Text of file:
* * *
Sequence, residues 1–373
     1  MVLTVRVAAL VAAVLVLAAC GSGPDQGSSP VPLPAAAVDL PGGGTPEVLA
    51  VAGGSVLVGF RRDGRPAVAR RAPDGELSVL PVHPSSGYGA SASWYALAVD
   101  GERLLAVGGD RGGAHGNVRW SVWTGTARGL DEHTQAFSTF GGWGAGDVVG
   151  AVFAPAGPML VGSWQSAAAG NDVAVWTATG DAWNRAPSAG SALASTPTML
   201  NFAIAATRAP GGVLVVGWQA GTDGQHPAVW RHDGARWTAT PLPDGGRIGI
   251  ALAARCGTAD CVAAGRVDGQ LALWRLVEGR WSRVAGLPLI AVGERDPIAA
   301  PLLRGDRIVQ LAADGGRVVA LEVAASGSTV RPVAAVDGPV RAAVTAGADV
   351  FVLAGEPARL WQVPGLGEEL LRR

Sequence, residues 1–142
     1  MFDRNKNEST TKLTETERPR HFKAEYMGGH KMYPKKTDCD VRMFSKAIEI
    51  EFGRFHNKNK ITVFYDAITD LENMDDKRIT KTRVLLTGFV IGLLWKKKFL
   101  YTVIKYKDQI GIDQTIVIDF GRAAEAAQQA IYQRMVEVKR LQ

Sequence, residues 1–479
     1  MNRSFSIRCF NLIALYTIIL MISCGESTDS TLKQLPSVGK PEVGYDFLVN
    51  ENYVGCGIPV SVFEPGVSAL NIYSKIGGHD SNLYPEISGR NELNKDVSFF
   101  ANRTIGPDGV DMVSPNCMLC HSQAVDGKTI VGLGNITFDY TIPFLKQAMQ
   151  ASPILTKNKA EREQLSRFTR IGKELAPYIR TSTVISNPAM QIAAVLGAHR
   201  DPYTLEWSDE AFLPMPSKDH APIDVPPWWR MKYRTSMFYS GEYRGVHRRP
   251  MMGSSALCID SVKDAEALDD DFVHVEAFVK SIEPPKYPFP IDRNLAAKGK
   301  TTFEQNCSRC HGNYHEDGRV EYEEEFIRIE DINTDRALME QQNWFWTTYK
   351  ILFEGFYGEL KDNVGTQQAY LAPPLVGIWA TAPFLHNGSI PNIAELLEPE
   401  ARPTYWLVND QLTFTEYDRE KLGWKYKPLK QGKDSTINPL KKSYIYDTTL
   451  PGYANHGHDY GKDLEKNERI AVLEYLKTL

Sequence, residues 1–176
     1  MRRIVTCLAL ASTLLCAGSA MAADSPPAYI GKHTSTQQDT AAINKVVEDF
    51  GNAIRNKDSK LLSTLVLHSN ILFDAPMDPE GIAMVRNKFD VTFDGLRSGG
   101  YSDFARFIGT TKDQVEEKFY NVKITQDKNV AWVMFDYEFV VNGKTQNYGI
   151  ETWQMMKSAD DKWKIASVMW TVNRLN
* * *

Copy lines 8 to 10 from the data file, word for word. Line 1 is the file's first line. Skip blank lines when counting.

   301  PLLRGDRIVQ LAADGGRVVA LEVAASGSTV RPVAAVDGPV RAAVTAGADV
   351  FVLAGEPARL WQVPGLGEEL LRR

Sequence, residues 1–142